Elon Law student Bernard Brown co-authors article on patents for international nanotechnology conference
Third-year Elon Law student Bernard Brown recently co-authored an article on the impacts of patenting and the patent review process on the emerging field of nanotechnology, with Womble Carlyle Sandridge and Rice attorneys Greg Grissett and Jack Hicks.
Hicks, who also serves as an adjunct faculty member at Elon Law teaching intellectual property law, presented the article, “Nanoscience Patents Needs Assessment: Where Are We And Where Do We Go From Here?,” at the Society for the Study of Nanoscience and Emerging Technologies Conference in Seattle, Washington, held September 8-11. The conference attracts researchers and academics from universities and industries across the world.
Brown worked as a summer associate with Womble Carlyle this year and holds a Ph.D. in biochemistry from North Carolina State University as well as degrees in chemistry and zoology. Brown, who served as an assistant professor in the Department of Chemistry at Wake Forest University before coming to Elon Law, is also a registered patent agent.
Brown emphasized the importance of the authors’ combined backgrounds in science and the law in exploring legal issues surrounding nanotechnology in depth. “Our purpose in having three authors was the cross disciplinary nature of nanotech,” said Brown. “Mr. Hicks is a mechanical engineer with experience in the electronics industry, Mr. Grissett is a textile engineer and I am a biochemist. This roughly reflects the primary fields in nanotech – electronics, structural engineering, composites, and biotechnology/medicinal chemistry.”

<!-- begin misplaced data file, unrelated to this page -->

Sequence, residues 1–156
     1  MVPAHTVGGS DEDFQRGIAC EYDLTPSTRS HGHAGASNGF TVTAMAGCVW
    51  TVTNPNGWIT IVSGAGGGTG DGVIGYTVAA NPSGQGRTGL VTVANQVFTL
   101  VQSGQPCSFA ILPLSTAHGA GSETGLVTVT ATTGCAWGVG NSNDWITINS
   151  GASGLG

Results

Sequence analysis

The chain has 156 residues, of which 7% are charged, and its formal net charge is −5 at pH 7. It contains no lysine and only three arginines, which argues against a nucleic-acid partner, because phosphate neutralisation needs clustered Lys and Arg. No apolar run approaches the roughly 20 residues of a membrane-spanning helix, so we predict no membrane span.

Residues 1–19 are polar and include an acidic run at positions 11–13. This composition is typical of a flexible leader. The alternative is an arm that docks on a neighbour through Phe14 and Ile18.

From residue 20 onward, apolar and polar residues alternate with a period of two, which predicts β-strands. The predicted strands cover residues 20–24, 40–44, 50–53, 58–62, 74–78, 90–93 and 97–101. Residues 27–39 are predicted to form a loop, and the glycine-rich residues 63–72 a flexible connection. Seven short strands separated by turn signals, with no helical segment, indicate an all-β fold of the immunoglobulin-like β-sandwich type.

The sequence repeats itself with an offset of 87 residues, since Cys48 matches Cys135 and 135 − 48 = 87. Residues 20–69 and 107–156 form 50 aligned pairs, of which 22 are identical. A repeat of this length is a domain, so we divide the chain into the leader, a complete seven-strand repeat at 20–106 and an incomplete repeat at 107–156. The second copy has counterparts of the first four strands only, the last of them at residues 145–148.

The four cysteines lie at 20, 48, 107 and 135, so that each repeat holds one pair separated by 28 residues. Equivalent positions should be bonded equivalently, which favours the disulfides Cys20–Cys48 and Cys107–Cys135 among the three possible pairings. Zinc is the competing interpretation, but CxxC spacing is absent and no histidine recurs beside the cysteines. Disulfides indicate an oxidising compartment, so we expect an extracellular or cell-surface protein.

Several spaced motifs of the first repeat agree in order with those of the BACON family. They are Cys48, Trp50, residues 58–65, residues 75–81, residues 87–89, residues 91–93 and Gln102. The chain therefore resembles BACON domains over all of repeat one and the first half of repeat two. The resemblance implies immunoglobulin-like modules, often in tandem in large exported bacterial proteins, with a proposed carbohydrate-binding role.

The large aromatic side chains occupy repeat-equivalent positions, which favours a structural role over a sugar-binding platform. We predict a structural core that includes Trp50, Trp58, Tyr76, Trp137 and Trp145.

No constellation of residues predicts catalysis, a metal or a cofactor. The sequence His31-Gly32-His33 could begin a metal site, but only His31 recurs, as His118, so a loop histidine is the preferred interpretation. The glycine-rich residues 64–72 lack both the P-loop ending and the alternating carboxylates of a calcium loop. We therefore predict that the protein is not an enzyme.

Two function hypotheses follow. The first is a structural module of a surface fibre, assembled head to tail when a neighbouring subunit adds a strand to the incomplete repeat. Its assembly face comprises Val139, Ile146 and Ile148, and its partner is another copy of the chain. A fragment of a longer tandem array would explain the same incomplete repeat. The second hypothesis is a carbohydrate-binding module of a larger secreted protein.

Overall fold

The Triad region of North Carolina is emerging as a national hub for nanotechnology, as home of The Joint School of Nanoscience and Nanoengineering and at least 69 companies working with nanotechnology.
Brown said that addressing the legal context around the emerging field of nanotechnology would be pivotal to the future of the industry.
“Because nanotechnology is a multi-disciplinary field, and because researchers and developers raced to the patent office with every ‘apparently new’ development, the U.S. patent office has been overwhelmed,” Brown said. “This has led to a ‘patent thicket’ that could stifle innovation. In our article, we examine this idea and provide guidance to nanotech practitioners and lawyers drafting nanotech patents that will assist the patent office effectively, helping to process future nanotech patent applications more efficiently.”